“We live in a disposable society. It’s easier to throw things out than to fix them. We even give it a name — we call it recycling.” -Neil LaBute
I spend the rest of the week alone, not seeing anyone I know until one afternoon my aforementioned relative (let’s call him Clark) invites me to dinner with some of his friends. I want to tell Clark about The Writer, but I think better of it. Although I don’t know Clark super well, he is an incredibly friendly guy with a lot of influence, which translates to him knowing pretty much everyone ever, so I figure I’m in for a nice dinner with some interesting new people. I meet him at Boa in WeHo, one of the nicest restaurants in town, but when I arrive it’s just Clark, his best friend Noah (both are around 40), and a boy who appears noticeably younger than myself (despite my actual age, I’m frequently told I could pass for 16). Our party of four is seated at a table of six, which I find peculiar, but this thought is immediately interrupted by Noah, who begins recounting his exchange with the valet. “The valet asked if I was his dad, and I said no,” Noah says, referring to the boy. “Then the guy asked if I was his older brother. I said no. Cousin? No.” I look at Clark with a smirk. “Teacher? No. Coach? No.” “I would’ve accepted coach,” Clark chimes in. (He has a bit of a sports fetish.) “I told him we’re ‘friends,'” Noah concludes, uncomfortably attempting to land a punchline. I suppose it would help if I knew their actual relation. But then again I already do, I’m just being politely naive for my own sake. Not that it’s any business of mine or the valet. I learn Boy Toy is in from New York for the long weekend to visit Noah. “Cool, I just moved here from New York,” I offer. A weak smile is all I get in return. I try again, asking about his plans in LA to which his excitement climaxes (weakly), announcing his amusement park trip for the following day. I’m not one to judge people’s sexual preferences — ever. There are certainly acts that I would never be party too, and I admittedly carry some deeply rooted stigmas that I’m sure would give Freud a total woody, but I don’t condemn people for their sexual desires, short of anything blatantly criminal. However, I’ve always been a little weird about age. And frankly, this dinner is starting to recall some scenes from True Blood, in certain ways painting its fangs = fags metaphor as vividly accurate. So while I’m definitely not judging Noah, this situation does make me a little uncomfortable — admittedly because of my own insecurities. “What do you do?” Clark inquires. “I used to be a lifeguard,” Boy Toy punctuates before curling up into Noah’s arms sleepily. “It’s past his bedtime,” Noah jokes. But really, it is. All that’s missing are some footies and a pacifier. And maybe a diaper if one of them is into that kind of thing.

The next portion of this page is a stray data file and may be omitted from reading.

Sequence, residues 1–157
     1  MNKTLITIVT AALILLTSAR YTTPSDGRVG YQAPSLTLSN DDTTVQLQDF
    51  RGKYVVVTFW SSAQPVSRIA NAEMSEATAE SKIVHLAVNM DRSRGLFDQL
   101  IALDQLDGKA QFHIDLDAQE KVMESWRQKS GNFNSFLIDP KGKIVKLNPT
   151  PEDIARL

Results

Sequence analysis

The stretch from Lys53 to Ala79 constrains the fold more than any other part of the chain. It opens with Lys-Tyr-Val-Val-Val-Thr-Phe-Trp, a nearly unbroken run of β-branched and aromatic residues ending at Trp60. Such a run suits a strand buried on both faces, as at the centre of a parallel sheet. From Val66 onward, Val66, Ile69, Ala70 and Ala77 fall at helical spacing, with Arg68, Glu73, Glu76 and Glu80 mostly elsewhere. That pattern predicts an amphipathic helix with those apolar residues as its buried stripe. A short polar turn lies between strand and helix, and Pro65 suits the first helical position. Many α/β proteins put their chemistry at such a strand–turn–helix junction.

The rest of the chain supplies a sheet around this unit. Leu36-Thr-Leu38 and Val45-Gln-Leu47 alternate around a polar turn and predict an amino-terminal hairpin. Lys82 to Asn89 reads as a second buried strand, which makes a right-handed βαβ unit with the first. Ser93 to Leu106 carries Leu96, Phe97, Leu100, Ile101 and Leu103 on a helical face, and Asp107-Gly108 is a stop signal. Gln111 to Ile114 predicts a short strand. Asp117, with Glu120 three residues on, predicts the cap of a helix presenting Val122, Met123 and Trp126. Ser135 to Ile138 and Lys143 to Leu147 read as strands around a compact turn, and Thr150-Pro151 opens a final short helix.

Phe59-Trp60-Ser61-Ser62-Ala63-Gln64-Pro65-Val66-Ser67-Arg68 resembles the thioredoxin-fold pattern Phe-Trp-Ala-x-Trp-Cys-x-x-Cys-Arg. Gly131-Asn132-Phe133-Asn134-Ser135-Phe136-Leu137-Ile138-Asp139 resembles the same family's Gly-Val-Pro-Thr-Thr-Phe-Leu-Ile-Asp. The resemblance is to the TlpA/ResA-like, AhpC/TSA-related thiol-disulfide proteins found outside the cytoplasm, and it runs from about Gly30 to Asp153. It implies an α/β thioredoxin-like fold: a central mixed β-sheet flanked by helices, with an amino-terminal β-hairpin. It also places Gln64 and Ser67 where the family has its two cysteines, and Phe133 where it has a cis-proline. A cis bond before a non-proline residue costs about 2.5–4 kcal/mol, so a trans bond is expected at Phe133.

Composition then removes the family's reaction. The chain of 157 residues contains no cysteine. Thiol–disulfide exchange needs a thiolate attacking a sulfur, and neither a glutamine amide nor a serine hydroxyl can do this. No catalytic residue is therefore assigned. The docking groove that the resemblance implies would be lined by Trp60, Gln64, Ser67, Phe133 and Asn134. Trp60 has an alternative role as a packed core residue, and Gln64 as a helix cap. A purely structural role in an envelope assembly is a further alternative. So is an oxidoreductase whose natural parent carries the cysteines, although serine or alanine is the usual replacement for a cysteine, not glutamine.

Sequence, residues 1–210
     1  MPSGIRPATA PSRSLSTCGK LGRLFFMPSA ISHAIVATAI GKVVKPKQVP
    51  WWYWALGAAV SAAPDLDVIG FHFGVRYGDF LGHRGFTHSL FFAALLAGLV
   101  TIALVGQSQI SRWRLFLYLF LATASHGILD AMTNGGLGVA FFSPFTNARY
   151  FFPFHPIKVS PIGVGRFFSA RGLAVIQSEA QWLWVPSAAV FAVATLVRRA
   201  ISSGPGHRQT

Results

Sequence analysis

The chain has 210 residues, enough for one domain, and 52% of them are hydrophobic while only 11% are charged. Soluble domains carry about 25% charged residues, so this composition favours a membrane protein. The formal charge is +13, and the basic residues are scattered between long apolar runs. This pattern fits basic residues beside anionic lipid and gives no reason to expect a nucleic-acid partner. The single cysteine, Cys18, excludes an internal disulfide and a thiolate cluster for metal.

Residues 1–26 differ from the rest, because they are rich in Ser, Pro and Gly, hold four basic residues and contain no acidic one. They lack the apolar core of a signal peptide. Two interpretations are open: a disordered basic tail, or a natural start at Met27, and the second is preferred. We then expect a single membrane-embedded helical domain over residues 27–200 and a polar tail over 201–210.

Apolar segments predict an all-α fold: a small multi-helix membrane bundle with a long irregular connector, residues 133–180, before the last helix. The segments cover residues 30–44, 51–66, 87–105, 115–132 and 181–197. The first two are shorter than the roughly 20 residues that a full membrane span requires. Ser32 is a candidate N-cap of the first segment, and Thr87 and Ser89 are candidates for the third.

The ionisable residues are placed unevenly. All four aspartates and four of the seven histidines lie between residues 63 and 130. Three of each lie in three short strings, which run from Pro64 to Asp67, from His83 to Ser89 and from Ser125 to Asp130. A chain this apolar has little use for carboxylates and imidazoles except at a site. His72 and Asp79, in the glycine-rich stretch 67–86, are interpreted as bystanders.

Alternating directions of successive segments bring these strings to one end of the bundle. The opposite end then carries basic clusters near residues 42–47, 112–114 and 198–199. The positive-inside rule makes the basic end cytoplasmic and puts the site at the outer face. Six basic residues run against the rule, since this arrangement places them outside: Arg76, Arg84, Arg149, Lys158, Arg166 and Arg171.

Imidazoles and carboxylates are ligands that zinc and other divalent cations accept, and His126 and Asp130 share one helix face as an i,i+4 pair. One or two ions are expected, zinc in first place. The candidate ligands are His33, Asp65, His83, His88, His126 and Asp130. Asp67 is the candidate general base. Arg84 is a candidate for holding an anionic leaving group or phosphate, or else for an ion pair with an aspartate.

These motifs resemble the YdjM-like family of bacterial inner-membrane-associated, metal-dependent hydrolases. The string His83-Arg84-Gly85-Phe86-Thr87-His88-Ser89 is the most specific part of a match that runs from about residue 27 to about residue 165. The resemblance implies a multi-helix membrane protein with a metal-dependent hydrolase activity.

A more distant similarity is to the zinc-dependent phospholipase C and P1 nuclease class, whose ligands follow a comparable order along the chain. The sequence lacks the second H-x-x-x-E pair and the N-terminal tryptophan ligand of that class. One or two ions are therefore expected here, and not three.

Clark then asks me to move to the seat next to his so that the two empty seats remain together. “Some other people are joining us.” Good, I think. “Anyone I know?” “I’m not sure. Do you know The Writer?” Read the rest of this entry »